Each week we will bring you a summary of what happened this week on our site, on Twitter, and in the wider world of civic data. Suggest stories on Twitter with #ThisWeekInData.
Here on Data-Smart, Robert Burack outlined a process for cities interested in using human-centered approaches to solve problems and discussed Pittsburgh’s successes with human-centered design. Human-centered design involves four phases: understanding the context of problems via engagement with residents, defining the problem based on this engagement, prototyping solutions, then launching and iterating on solutions. Burack will host a webinar on December 12 from 12pm-1pm that goes more deeply into the ways cities are implementing human-centered design. Register here.
Also on Data-Smart, Erica Pincus examined the ways that organizations on the local, state, and global level are using data to address hunger and food insecurity. For example, a data visualization effort in Baltimore has sought to enhance understanding of the availability of affordable, healthy food in the city, informing efforts to expand grocery retail efforts. Efforts to improve data sharing on the state and global level have also improved understanding of those in need and have spread practices to mitigate food insecurity.
According the Next City, the San Francisco Municipal Transportation Agency (MTA) has decided to expand demand-based parking to every meter and city-owned lot and garage in the city. With this system, meter rates go up or down based on demand, which encourages faster turnover on overly crowded (more expensive) blocks and increased use of underused parking (where the fee is cheaper). San Francisco is the first in the U.S. to implement such a program citywide.
Next City also profiled a law passed by the New York City Council that requires the Department of Housing Preservation and Development (HPD) to create an early warning system for potential displacement of rent-stabilized tenants. The “Speculation Watch List,” will name buildings bought at prices that indicate a speculative purchase and potentially signal future harassment and displacement of current rent-stabilized tenants.
Also on the topic of development in New York City, the New York City Department of City Planning launched the zoning & land use map (ZoLa), ZoLa allows users to find the zoning for their property, discover new proposals for their neighborhood, and learn where city planning initiatives are happening throughout the city.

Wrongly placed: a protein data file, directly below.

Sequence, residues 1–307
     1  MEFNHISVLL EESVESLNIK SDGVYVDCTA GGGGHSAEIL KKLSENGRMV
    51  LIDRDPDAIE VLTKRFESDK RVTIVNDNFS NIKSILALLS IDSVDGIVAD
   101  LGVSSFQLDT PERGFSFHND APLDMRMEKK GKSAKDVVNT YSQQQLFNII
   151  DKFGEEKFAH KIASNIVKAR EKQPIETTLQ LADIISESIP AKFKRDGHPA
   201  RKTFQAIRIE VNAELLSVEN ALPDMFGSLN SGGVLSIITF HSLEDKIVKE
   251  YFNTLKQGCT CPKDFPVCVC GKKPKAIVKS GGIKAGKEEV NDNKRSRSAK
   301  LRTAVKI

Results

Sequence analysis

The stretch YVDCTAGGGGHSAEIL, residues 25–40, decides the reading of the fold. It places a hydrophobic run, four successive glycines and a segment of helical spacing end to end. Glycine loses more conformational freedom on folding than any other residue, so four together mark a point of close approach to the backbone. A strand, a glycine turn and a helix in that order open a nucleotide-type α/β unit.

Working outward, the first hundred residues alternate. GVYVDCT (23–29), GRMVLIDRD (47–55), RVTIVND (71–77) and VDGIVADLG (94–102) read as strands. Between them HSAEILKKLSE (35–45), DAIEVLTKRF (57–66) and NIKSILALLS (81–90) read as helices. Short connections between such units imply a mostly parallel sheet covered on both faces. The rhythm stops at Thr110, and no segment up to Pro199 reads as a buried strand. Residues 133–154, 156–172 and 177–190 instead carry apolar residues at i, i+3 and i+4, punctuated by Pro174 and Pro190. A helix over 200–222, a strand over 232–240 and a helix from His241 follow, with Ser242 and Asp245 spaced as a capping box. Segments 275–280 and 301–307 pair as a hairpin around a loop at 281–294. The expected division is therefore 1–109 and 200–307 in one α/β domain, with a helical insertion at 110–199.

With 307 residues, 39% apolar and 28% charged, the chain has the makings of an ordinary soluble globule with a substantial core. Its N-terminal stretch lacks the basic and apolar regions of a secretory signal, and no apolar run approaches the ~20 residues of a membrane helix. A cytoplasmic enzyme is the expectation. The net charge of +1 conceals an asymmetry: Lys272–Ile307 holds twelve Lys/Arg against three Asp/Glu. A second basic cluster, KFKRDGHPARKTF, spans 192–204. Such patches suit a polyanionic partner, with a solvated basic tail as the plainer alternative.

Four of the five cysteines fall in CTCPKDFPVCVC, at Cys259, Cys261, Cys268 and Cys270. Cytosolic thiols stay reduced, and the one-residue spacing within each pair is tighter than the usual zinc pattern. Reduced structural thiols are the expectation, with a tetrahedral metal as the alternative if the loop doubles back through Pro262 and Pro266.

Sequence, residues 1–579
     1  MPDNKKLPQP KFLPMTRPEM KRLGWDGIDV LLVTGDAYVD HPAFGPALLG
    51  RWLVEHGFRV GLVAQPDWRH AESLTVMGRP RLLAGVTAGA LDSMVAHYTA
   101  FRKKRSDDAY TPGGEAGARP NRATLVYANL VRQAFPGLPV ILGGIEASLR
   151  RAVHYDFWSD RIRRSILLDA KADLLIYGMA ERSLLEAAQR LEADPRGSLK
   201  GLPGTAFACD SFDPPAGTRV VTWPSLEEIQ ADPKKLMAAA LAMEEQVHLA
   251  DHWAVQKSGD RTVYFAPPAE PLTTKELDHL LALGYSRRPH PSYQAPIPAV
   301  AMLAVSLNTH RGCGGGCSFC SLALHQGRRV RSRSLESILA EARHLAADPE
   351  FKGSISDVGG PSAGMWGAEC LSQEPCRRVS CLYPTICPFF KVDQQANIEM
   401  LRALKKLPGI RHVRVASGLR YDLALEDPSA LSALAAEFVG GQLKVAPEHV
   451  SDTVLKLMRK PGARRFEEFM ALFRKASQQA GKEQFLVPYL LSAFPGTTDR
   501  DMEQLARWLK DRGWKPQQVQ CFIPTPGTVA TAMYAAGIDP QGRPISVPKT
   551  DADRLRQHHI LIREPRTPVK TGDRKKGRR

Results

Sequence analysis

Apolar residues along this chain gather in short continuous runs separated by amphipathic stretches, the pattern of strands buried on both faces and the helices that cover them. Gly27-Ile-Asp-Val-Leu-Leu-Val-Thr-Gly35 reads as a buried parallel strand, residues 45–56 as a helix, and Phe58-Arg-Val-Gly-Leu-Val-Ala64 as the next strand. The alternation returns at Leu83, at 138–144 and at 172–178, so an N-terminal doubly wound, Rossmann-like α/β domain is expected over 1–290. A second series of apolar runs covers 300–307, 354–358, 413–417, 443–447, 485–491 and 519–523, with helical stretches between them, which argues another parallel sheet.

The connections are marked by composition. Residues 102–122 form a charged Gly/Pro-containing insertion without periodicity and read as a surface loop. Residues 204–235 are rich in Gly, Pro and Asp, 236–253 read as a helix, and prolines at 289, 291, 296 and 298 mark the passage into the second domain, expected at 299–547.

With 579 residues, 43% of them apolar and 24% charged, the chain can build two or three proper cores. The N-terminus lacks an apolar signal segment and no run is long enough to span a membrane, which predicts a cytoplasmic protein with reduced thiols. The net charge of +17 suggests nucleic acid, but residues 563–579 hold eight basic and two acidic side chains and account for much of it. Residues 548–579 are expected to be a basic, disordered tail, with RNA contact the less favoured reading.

For Map Monday, Jess Weaver profiled the Evictions by Demography 2016 map, which examines where evictions are most prevalent throughout San Francisco’s neighborhoods and who is most affected. Using data from the San Francisco Rent Board, Census data, and median rent estimates from Zillow, the map displays eviction rates per 10,000 households by neighborhood, demographic group, and median rent. Using this visualization, policymakers can tailor interventions to specific parts of the city and demographic groups.
The Urban Institute launched an interactive map titled Debt in America, which displays the geography of debt in the United States at the national, state, and county levels. Using data derived from a random sample of de-identified, consumer-level records from a major credit bureau, as well as estimates from the American Community Survey, the visualization provides information on median debt by geographic area and demographic group.
The Illinois Department of Children and Family Services (DCFS) is ending a program that used computer data mining to identify children at risk for serious injury or death. In order to prioritize city interventions, the program mined DCFS files and assigned a score of 1 to 100 to children who were the subject of an abuse allegation to the agency hotline. However, DCFS found that while thousands of children were assigned extremely high risk scores, high-profile child deaths kept cropping up with little warning from the predictive analytics software, despite warning signs like frequent previous DCFS investigations. Read more at the Chicago Tribune.
The cities of London and Bengalaru have launched an international air quality partnership network, made up of 20 cities from around the world. As a part of this effort, London will trial new high-tech air quality sensor technology to boost capital’s fixed air pollution monitoring systems from over 100 to up to 1,000 locations
Bloomberg reported that the Bank of Thailand is mining data from social media and online stores to better understand its labor and property markets. While official measures of unemployment in the country are extremely low—hovering just above 1 percent—this is due in part to the country’s informal sector, which fails to contribute to economic growth. The bank hopes to use new sources of data to understand issues like resident debt and international trade in order to inform economic and financial policy.